The Bible does indicate that all three persons of the trinity possess the essence and authority as God. And, the Bible seems to corroborate the notion of agreement among the trinity.[14] However, the Bible also indicates there is a final authority in the trinity, with the Son and the Spirit always submitting to the will of the Father:
·         Jesus said, "Father, if you are willing, remove this cup from me; yet not my will, but yours be done”   (Luke 22:42).
·         Jesus also stated, “[T]he Father is greater than I” (John 14:28).
·         Jesus spoke of the Spirit: “when He, the Spirit of truth, comes, He will guide you into all the truth; for He will not speak on His own initiative, but whatever He hears, He will speak” (John 16:13). From whom will the Spirit hear?
·         And, “the Holy Spirit, whom the Father will send in my name” (John 14:26).
So, the Son obeys the Father’s will and the Father directs the Spirit. While there is unity and agreement, the Father is the final authority.

According to The Shack:  “judgment is not about destruction, but about setting things right.”[15] In a similar vein, heaven is described not so much as “pearly gates and streets of gold. Instead it’s a new cleansing of this universe”.[16] Also, the book states “Your world is severely broken … Nothing is as it should be … and as it will be one day.”[17] This is not in disagreement with the Bible, which states that God will make all things new (Revelation 21:5) and there will be a “period of restoration of all things” (Acts 3:21).

On the other hand, the Bible states there will be judgment since “we must all appear before the judgment seat of Christ” (2 Corinthians 5:10) and there will also be destruction in the sense that “those who do not obey the gospel of our Lord Jesus. These will pay the penalty of eternal destruction, away from the presence of the Lord” (2 Thess. 1:8-9).

God’s children?
As the Judge in the book cedes judicial responsibilities to Mack, we gain a first person viewpoint of having responsibility for judgment. Is it as difficult for God to sentence some of His children to hell as it would be for those of us who are parents? The question we need to ask though, is whether all people are God’s children. The Bible states that all are made in God’s image (Genesis 1:27) and we are called “offspring” or “children” of God in Acts 17:28-29. But, in other places, the Bible indicates that not all are God’s children:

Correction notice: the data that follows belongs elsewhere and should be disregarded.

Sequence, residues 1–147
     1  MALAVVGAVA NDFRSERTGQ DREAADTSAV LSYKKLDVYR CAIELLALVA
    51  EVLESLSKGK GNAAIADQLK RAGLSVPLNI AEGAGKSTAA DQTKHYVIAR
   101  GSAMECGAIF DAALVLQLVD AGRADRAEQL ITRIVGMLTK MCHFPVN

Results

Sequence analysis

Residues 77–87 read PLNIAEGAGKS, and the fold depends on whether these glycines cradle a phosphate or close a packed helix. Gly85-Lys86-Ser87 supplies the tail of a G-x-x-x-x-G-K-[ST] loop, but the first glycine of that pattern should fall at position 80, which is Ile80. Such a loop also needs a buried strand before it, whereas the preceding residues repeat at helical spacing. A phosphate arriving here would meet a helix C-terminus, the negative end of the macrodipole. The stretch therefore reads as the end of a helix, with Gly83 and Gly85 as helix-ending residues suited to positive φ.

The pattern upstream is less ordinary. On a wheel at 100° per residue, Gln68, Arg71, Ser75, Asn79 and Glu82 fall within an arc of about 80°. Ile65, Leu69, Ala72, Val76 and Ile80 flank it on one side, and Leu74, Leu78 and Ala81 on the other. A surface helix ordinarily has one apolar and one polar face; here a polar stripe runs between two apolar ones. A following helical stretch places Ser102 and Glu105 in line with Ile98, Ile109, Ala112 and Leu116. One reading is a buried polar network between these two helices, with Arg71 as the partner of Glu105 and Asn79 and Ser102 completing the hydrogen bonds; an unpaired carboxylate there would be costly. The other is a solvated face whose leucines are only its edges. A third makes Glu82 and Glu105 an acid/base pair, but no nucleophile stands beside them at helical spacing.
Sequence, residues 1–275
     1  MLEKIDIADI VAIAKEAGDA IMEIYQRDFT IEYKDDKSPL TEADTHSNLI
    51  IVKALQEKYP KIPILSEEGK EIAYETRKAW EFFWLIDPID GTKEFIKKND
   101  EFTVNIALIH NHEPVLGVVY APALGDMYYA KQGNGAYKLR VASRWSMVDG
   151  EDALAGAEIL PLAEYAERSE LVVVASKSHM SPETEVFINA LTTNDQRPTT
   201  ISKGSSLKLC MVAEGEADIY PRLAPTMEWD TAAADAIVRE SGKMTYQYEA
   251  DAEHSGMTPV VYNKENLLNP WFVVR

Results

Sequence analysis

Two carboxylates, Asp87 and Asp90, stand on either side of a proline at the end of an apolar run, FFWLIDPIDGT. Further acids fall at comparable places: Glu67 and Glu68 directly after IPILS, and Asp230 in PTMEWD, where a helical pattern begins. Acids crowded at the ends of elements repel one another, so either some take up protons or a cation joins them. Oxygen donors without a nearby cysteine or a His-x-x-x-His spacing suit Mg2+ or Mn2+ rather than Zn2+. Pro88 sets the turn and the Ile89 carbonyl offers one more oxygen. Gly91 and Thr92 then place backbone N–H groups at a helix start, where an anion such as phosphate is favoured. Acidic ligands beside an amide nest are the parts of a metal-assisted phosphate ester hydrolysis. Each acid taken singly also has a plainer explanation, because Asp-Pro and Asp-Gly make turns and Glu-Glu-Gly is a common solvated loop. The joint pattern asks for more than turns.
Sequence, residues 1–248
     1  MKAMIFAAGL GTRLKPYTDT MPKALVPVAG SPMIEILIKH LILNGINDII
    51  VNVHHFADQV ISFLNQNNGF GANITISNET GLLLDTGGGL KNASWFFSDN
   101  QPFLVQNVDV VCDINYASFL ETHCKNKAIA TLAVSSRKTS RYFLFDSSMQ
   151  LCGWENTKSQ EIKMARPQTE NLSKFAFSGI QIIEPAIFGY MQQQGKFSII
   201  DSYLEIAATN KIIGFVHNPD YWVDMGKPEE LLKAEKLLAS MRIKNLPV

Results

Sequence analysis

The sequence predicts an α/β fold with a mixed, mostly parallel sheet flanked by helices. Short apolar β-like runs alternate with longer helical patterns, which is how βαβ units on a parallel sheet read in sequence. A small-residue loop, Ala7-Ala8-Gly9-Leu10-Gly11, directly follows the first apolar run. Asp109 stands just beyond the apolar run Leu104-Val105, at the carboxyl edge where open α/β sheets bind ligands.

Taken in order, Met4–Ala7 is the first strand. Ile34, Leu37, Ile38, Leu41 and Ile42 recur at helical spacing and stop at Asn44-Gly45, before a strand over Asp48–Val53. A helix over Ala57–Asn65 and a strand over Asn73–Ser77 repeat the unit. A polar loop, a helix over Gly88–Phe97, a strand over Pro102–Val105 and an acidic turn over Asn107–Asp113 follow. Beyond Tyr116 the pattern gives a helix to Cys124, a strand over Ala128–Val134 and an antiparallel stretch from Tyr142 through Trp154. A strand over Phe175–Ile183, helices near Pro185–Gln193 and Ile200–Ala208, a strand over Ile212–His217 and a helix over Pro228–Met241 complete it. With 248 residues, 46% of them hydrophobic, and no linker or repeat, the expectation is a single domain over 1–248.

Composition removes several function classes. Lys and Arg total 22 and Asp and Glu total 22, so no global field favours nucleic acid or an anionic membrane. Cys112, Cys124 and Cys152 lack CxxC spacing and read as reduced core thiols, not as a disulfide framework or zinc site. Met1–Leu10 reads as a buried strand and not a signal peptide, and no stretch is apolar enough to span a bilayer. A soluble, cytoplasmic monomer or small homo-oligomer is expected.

By this the children of God and the children of the devil are obvious: anyone who does not practice righteousness is not of God, nor the one who does not love his brother.” (1 John 3:10)
And, only those who believe in Jesus are God’s children:
as many as received Him, to them He gave the right to become children of God, even to those who believe in His name” (John 1:12).
So all are not children of God, and those who choose to reject God face hell as punishment for sin and banishment from His presence.

Understanding tragedy
Young does an excellent job of showing that we are not to blame God, but to gain a different perspective on tragedy. As we wonder where God is when trouble comes, The Shack explains,
“Your world is severely broken. You demanded your independence, and now you are angry with the one who loved you enough to give it to you.”[18]
Rather than being uncaring, unable to stop tragedy, or even sinister, we see that God did not wish for evil to occur and still desires to have a relationship with us, but meanwhile allowing for human freedom. This is in agreement with the Bible, which states that since Adam (and, by extension, all humans) chose to not obey God, a curse is on the earth, in which death and sin have spread to all of us.[19] Jesus informs us that “Satan is the ruler of this world” (John 12:31) at the present time, because humans have chosen to live apart from God.